Some time ago Bel bought me two passiflora (passion flowers) plants. They have grown fast, but, unfortunately, there aren't any flowers - except for three. This week, while Bel was away, one of them opened. Today, however, it has not re-opened. They are amazing plants. They grow feelers in advance of the leaves, which sway about in the wind in search of a branch or wire or nail to attach themselves to - and thus they climb and ramble. If the feelers find nothing to hang onto then they curl up like a spring, giving the plant an odd spiky appearance. Still in the garden - what pleasure whilst cooking to be able to step through the back door and take some fresh chives, or parsley or thyme. Soon, I shall have some sage and mint also.
I was seduced - by a 'City Limits' preview - to the London Film Co-Op (in the same building as the London's Musician Collective) to see a programme of experimental Japanese shorts. There was mention of a film by Terayama, so how could I not go. The films were part of a programme sponsored by an American-Japanese group and were chosen to illustrate use of form as much as content. As such, they rarely strayed from an indulgent examination of the artists' own environments: the incessant noise of a train passing; the patterns made by leaves and water reflecting light; pictures of green bushes counterpointed with the sounds of guns and bombs.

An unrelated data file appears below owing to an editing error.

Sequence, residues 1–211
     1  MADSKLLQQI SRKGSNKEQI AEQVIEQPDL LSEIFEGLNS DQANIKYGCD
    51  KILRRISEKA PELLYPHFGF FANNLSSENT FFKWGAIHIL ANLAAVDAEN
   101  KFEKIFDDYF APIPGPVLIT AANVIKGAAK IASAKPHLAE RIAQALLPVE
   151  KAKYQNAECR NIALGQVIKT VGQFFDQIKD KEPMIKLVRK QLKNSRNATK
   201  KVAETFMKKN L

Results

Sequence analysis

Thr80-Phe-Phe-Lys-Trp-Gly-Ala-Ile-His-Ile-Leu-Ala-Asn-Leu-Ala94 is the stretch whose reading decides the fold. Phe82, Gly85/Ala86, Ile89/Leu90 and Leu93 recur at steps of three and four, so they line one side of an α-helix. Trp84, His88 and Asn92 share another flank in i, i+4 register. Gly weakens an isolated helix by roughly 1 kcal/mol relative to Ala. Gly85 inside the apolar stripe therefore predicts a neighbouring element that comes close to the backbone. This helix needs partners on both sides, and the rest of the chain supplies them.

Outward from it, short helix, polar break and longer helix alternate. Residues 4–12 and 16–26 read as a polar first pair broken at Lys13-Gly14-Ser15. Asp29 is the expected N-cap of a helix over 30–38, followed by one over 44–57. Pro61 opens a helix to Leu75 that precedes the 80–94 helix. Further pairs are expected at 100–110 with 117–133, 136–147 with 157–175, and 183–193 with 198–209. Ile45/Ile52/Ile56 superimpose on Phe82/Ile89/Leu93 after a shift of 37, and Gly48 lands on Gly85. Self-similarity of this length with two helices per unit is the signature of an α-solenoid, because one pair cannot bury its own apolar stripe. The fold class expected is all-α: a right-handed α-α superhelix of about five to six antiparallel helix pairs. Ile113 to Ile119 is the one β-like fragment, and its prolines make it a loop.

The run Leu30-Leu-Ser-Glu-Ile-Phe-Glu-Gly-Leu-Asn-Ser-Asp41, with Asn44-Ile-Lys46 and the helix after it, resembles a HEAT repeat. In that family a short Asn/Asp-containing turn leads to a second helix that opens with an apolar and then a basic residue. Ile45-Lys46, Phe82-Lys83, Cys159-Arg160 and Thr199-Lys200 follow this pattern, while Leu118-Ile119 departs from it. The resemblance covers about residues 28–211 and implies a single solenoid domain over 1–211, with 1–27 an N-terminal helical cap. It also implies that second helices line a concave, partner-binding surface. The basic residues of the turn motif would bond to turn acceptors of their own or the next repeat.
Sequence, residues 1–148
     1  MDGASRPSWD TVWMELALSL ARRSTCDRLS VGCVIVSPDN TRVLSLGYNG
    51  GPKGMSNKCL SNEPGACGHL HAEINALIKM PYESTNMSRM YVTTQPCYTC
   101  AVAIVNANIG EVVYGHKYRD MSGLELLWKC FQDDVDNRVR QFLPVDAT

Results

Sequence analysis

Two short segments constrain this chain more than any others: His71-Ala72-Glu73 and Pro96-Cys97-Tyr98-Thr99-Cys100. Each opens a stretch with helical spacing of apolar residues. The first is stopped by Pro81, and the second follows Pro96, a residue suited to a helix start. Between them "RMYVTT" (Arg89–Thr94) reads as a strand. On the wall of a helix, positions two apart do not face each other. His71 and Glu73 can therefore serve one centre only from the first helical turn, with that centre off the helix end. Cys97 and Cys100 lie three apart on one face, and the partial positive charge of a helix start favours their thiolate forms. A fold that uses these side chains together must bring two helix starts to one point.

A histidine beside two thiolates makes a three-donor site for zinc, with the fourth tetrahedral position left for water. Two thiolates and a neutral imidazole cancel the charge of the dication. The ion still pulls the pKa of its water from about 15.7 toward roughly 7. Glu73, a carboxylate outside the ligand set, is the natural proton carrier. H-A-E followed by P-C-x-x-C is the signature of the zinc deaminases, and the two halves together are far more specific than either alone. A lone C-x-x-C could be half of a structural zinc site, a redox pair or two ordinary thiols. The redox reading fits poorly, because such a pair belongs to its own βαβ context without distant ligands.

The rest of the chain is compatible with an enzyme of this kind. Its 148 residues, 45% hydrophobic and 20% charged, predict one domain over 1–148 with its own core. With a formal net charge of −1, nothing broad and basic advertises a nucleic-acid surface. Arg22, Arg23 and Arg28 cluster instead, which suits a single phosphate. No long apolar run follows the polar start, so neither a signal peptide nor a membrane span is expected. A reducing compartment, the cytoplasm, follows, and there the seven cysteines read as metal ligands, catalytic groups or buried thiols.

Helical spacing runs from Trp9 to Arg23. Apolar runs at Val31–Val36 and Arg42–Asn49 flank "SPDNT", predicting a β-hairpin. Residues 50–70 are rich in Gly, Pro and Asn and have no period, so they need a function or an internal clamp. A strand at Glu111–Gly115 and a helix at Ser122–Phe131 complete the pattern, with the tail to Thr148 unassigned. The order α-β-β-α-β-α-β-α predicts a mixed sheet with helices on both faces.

I bumped into Plume. I may never have mentioned her before, but I seem to have known her for years. We met in my acting and miming days. I remember her as plump and pink and jolly. The last I knew she had joined a theatre group called The Cunning Stunts. I was standing right next to her in the queue for tickets but didn't recognise her. The girl that said 'hello' was almost gaunt, certainly thin. Her hair was dyed black and swept long down one side. We did not sit together in the cinema, but, during the interval, we exchanged gigantic smiles across a crowded room.
Paul K Lyons